Synopsis from Goodreads.
They’ll chase you. They’ll rip you open. They’ll feed on you…When the sickness came, every parent, policeman, politician – every adult – fell ill. The lucky ones died. The others are crazed, confused and hungry. Only children under fourteen remain, and they’re fighting to survive. Now there are rumours of a safe place to hide. And so a gang of children begin their quest across London, where all through the city – down alleyways, in deserted houses, underground – the grown-ups lie in wait. But can they make it there – alive?
Can you enjoy a book where pretty much every one of your favourite characters gets chomped on by a zombie?
I’m going to say yes because this book was brilliant.
This book was genuinely creepy and I like to think I’m made of strong stuff. Unless clowns are involved… and boats….and, like, those huge Australian bugs that Mandee and Reynje take so much pleasure in sending me pictures of when I’m expecting wallabies and koala bears.
OK, actually…. Maybe I am a bit of a wuss.
But one thing that struck me about this book was how atmospheric it was. I know I made a similar observation in my review for This is Not a Test, but one of the first scenes (the bit in the swimming pool, for those who have read it!) was like the beginning of a horror film.
A group of kids are inside somewhere and it’s quiet. Too quiet. But they’re safe in here. Aren’t they? You get an idea of the individual characters. You have the leader, the cocky one, the cheeky two and the one who keeps looking over his shoulder. Better safe than sorry, right? And they’re all talking and sniping at each other and behaving like boys do. And none of them have noticed that something is wrong. Really wrong.
And that’s where I’ll stop.
I can’t describe it because I’m not a writer like Mr Higson. I mean, you’ve read my other reviews, right?
“He’d always been scared of the dark. His mum had told him not to worry.
‘If you can’t see the monsters, they can’t see you.’
Back then there had been no monsters. Not real ones. Only imaginary.
[FYI: That quote is from my favourite scenes in the book. SO GOOD.]
And also, it’s bloody disgusting. It’s really gruesome. We’re talking Yancey’s The Monstrumologist gruesome.
“The skin blackened, shrivelled and split, the overripe flesh inside squeezing out. His insides had turned to mush… Arran prodded the body with his trainer. As he did so the skin popped, a stream of pus oozed out followed by a bright pink blossom of soft fat.”
I mean, that’s disgusting, right? That’s so vile. That’s absolutely horrendous.
It’s also AWESOME. And that’s not even the best bit. That comes later and eeerrrrrrgrgrghhhh it’s brilliant.
Mr Higson certainly knows how to write a story. The twists and turns were perfectly executed and, even though if you’ve ever read a zombook or a zombie film you may guess some of the twists and turns, it didn’t bother me at all. There were certain scenes and certain things that happened that had me completely thrown. Mr Higson really took the phrase ‘Kill your darlings’ to a whole new level. Or at least ‘Kill Jo’s darlings’… so, yeah, THANKS FOR THE ANGST, CHARLIE HIGSON.
I think without Mr Higson’s attention to detail with the characters this could have fallen into the ‘Oh… a zombie book? Now that’s original!’ trap. I have lots and lots of notes about my favourite characters in this book but seeing as I’ve told you that most of ‘em turn into Zombie Snacks (similar to Scooby Snacks, by the way, but more…um, living) I’m not going to share my specific thoughts and feelings. I kind of loved every single one of them. Their back stories, their dialogue, their reactions to what was happening around them, how strong they were when…things….happened. Love love love.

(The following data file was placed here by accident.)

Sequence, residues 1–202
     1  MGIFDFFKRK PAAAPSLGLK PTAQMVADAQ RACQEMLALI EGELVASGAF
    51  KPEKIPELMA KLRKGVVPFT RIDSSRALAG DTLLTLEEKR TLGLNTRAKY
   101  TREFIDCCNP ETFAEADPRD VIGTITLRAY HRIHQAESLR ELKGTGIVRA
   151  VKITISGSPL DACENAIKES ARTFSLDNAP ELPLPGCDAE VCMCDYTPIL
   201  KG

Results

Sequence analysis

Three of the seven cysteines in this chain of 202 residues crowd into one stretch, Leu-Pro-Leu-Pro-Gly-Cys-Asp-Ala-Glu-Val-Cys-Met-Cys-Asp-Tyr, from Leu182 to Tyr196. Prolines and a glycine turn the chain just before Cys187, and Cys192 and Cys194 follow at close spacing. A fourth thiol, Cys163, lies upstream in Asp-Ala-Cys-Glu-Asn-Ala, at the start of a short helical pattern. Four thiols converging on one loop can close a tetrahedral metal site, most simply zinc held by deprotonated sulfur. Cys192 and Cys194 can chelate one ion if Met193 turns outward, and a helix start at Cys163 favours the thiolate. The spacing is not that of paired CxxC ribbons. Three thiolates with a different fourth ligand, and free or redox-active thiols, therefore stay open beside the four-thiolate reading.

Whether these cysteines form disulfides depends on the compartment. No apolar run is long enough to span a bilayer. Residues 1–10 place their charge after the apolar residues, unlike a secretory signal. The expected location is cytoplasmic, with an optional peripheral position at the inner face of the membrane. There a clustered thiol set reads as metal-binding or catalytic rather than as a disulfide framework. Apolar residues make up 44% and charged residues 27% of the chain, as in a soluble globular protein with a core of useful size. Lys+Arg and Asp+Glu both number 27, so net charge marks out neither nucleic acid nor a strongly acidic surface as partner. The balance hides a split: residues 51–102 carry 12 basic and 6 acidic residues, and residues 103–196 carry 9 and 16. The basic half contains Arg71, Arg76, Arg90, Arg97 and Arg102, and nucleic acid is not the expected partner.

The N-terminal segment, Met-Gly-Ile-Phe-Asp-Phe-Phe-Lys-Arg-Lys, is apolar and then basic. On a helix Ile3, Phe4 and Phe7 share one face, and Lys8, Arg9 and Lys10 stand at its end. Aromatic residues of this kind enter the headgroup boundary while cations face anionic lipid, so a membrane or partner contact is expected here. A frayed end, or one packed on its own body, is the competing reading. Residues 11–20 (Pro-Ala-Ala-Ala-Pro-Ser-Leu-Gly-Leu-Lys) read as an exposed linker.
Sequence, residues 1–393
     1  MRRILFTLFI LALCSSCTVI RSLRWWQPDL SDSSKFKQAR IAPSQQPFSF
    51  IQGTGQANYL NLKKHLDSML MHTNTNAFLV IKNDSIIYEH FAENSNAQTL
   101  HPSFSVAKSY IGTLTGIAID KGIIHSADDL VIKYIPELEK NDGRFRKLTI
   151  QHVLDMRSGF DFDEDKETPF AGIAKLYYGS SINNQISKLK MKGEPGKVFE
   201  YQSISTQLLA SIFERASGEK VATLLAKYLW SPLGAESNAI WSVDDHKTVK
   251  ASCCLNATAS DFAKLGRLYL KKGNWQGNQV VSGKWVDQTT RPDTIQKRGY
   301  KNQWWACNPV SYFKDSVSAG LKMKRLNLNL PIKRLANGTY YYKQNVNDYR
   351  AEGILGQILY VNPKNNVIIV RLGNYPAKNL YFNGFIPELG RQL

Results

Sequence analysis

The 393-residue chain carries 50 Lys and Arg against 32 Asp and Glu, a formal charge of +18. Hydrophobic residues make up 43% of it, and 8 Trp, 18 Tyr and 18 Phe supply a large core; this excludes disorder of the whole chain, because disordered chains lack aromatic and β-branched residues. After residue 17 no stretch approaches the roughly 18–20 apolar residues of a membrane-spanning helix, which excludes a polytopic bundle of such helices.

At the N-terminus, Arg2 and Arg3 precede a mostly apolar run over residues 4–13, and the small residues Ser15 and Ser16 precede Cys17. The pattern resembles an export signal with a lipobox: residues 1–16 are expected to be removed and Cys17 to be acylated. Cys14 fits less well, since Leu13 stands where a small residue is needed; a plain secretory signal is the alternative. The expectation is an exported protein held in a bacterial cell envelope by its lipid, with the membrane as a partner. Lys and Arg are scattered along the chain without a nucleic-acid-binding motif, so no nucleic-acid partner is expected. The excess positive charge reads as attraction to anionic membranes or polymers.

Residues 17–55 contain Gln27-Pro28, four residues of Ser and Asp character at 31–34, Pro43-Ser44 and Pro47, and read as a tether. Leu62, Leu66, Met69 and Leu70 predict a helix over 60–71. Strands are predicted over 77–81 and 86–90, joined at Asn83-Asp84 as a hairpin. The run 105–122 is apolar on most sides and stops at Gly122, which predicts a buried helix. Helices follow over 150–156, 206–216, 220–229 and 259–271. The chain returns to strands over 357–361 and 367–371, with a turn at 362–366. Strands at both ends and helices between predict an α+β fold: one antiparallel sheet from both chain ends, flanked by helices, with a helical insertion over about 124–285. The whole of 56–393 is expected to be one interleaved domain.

But even though I loved a lot of the characters individually, I adored how they worked as a group. They all had their roles to play without it being cliché and box-ticky. Yeah we have the smart one and yeah we have the one who wants to go zombie hunting, and the one who isn’t sure what to do but everyone’s looking at for help? Yep, they’re there too. But it felt fresh and exciting and by the time I got to the end, I really felt like I was part of their group.
Though, that’s probably wishful thinking because I would want to be part of their group. Because, if/when a zombie apocalypse happens, I’m going to be used for bait. I know this and I’ve accepted this. But maybe if I stuck with the kids in this book I’d last a little bit longer before they dress me in a bright colour and shove me out into the street before locking the door behind me.
You know that feeling when you read the first book of a series (although, from my understanding, they don’t follow on? Just the same universe, though I may just be telling you vicious lies) and you get all excited and giddy
and you look at every grown up thinking they might eat you? I have it with this book and I’m really excited to read more because if that ending is anything to go on, a lot more scary brilliance this way comes.
Oh and also; zombie monkeys.
What was that? You want me to elaborate?
If the phrase ‘zombie monkeys’ doesn’t make you immediately add this to your reading list, I don’t think anything will.
Anyway, I’m gonna have to go because there’s this really creepy bloke just standing outside my house. I mean… what kind of grown man wears a St George’s flag t-shirt and oh my god, I don’t believe it! He’s just got his friends to come too and… nope, I’m not having this. Hold that thought… I’ll be right back.